Unionist leaders should join Sinn Féin in negotiating a shared future in a united Ireland, deputy First Minister Martin McGuinness said.
In a speech that highlighted the role of former IRA prisoners in the Sinn Féin team at Stormont, he said unionists had accepted historic compromises once thought impossible.
Mr McGuinness told supporters in Derry, commemorating hunger striker Kevin Lynch who died in the 1981 Maze prison protest, that the political landscape had been transformed.
He said that 20 years ago the DUP “built its hardline reputation on gun licences on hillsides, red berets and blackthorn sticks, ’Smash Sinn Féin’ slogans and sledge hammers”.
But the deputy First Minister added: “Who would ever have believed in 1989 that the very same DUP would be left with no other option than to embrace an inclusive, power-sharing, all-Ireland framework of political institutions as the joint equal partner with Sinn Fein on terms set out by the Good Friday Agreement?
“Who would ever have believed in 1989 that we would now have legislation which leaves the DUP with no other option than, when addressing the needs of victims, to recognise that the relatives of IRA volunteers killed on active service are absolutely equal – absolutely equal – to the relatives of Crown forces personnel killed by the IRA?
“Who would ever have believed in 1989 that developments on the Justice front would demand that the appointment of the most senior law officer in the six counties – the new position of Attorney General – needed the joint approval of the Sinn Féin and the DUP joint First Ministers?”
The DUP said it had blocked republican ambitions at the Assembly and accused Sinn Féin of trying to disguise that it had failed to deliver on pledges to supporters.
But Mr McGuinness told republicans at the event in Park, Co Derry, that the Maze hunger strike led by the IRA’s Bobby Sands had transformed politics and helped form today’s power-sharing regime.
Mr McGuinness named a string of Sinn Féin colleagues working with him in the political institutions who had been either IRA hunger strikers, prisoners or who had survived being shot by security forces or loyalists.
He said: “So when you see the Assembly on TV, or look at Gerry Adams or Bairbre de Brún or myself in the media, always remember this: standing at our shoulders are the women and the men who stood at the front of the struggle when there was no alternative option but war, and who – when the time was right – had the courage and commitment and skills to create the new phase of peaceful and democratic change into which we have successfully led this society.”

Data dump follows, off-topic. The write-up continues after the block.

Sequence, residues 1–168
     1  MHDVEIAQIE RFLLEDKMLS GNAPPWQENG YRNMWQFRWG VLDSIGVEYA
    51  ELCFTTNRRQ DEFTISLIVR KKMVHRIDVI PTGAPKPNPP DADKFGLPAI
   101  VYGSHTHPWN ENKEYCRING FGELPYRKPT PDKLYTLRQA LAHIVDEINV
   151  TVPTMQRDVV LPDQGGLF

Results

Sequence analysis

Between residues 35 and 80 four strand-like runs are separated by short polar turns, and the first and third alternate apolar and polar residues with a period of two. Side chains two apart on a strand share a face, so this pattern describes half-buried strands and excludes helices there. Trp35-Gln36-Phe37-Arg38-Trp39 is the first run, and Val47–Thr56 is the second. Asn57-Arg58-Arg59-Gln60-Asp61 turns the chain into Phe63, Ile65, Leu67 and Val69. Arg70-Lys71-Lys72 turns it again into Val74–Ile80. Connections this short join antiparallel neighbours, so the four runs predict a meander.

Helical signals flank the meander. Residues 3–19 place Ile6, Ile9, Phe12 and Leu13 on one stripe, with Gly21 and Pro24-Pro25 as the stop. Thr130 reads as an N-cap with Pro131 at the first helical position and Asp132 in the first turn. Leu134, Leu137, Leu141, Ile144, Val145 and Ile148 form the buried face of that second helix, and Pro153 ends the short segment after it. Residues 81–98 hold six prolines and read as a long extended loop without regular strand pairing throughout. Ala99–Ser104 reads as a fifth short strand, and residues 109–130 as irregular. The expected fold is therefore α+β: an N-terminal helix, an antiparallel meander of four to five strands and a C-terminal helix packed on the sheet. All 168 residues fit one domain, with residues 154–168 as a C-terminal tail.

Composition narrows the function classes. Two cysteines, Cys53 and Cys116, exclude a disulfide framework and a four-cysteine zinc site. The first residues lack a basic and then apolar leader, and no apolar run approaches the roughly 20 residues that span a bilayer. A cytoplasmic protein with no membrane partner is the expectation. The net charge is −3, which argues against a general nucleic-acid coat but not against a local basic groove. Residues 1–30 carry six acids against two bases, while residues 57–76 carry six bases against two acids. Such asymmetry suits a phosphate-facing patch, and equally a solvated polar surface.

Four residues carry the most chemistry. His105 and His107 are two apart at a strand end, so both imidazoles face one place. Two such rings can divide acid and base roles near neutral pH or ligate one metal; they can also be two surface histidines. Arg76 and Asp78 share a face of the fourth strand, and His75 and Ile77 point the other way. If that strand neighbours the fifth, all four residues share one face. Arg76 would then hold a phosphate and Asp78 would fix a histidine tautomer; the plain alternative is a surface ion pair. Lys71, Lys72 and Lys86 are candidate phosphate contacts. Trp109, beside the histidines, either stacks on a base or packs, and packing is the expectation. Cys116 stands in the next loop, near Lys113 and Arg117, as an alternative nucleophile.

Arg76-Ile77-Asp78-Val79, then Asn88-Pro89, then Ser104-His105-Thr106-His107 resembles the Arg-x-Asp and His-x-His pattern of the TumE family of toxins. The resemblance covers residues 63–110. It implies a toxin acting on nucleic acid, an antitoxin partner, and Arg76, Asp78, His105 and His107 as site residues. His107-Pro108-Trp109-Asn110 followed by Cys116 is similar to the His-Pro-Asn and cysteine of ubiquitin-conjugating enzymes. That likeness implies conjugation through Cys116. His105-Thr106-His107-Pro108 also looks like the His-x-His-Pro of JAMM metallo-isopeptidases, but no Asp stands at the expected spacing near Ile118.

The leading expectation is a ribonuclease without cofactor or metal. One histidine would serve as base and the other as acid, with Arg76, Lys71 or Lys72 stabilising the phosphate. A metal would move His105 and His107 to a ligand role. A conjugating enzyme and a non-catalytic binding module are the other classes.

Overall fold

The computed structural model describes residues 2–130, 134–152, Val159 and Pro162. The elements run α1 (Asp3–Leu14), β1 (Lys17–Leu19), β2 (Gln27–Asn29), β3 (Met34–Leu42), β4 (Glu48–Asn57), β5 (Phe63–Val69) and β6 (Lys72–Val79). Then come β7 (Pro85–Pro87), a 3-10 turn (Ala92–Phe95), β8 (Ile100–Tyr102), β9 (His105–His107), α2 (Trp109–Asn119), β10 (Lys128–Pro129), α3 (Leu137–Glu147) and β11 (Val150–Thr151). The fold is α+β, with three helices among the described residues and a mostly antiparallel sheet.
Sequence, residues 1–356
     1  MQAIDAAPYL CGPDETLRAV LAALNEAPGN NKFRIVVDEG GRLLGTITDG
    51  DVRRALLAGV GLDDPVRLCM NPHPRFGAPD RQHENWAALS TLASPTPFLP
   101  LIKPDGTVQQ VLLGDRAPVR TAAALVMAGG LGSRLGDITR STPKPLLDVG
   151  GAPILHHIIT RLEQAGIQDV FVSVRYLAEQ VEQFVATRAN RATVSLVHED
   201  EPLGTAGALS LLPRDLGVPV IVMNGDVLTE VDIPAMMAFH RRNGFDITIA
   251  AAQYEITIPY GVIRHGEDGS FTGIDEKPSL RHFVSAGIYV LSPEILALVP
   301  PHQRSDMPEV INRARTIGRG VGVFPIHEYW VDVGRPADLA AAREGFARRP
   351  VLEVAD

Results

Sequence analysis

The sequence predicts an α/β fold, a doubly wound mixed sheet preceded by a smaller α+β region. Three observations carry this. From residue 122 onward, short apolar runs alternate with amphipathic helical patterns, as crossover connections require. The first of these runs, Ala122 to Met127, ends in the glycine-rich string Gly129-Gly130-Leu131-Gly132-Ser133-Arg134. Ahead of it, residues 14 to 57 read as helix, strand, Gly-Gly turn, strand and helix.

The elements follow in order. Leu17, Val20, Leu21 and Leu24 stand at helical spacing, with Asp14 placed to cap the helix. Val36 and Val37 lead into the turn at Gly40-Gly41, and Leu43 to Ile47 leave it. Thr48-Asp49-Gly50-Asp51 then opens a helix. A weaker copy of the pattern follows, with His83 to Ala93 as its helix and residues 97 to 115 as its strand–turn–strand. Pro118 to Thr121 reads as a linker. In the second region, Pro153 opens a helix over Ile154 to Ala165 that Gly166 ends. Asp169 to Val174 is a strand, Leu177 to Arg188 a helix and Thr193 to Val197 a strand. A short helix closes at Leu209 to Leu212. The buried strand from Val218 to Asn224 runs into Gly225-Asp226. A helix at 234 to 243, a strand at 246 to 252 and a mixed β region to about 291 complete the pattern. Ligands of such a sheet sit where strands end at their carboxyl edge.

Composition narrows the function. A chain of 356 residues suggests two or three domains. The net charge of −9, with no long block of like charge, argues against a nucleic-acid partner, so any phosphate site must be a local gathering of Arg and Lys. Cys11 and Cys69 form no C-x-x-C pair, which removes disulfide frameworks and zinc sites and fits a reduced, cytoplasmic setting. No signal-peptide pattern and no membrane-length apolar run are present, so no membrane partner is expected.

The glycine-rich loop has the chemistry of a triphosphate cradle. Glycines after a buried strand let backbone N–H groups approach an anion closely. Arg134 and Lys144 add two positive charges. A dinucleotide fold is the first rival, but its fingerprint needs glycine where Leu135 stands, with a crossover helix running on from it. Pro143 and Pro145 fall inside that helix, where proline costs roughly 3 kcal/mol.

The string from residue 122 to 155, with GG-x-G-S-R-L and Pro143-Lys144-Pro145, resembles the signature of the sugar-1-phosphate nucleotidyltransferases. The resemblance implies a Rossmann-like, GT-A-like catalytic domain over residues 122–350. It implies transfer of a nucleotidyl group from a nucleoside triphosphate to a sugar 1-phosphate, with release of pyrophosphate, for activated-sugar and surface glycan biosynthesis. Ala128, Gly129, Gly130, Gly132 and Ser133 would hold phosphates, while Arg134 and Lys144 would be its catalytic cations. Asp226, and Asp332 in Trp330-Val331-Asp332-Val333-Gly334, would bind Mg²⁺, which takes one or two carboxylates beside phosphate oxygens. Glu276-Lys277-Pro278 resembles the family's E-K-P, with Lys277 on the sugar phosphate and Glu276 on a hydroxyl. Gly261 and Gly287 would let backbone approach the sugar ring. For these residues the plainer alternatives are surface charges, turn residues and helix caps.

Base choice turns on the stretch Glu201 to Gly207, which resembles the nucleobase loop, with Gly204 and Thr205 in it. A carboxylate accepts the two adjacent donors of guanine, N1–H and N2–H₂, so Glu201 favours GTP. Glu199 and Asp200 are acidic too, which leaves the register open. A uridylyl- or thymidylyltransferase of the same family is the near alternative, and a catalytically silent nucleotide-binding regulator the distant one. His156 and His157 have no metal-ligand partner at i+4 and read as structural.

He added: “In the time ahead the best option for unionists is, I believe, to join – as equal, and influential, participants – in the onward march towards all-Ireland unity and national reconciliation.
“Yes, some within unionism are working to slow up progress...But the hard lesson of the peace process is that – some day soon – even the Afrikaner wing of unionism will be brought to a place it never wanted to be.”
He added: “My strong preference, and that of the Sinn Féin leadership, is that all sections of the DUP – and indeed unionism – will now embark fully on the pathway to equal partnership, and a future of national unity and national reconciliation in Ireland.
“For unionists, that pathway starts in recognising and embracing the equality agenda in Stormont and the other Good Friday Agreement institutions.”
But the DUP’s Diane Dodds said her party was frustrating republican ambitions in the Assembly.
“At the time of the last Assembly election Sinn Féin made various promises to their electorate,” she said.
“Whilst their manifesto was long on promises, they have been proven short on delivery inside the Assembly.
“That is because of the hard work of the DUP.
“By staying on the field of battle in Stormont and by not running away from Sinn Féin, as some advocate, we have ensured their agenda cannot be advanced.
“Using devolution we have brought the Sinn Féin agenda to a grinding halt.”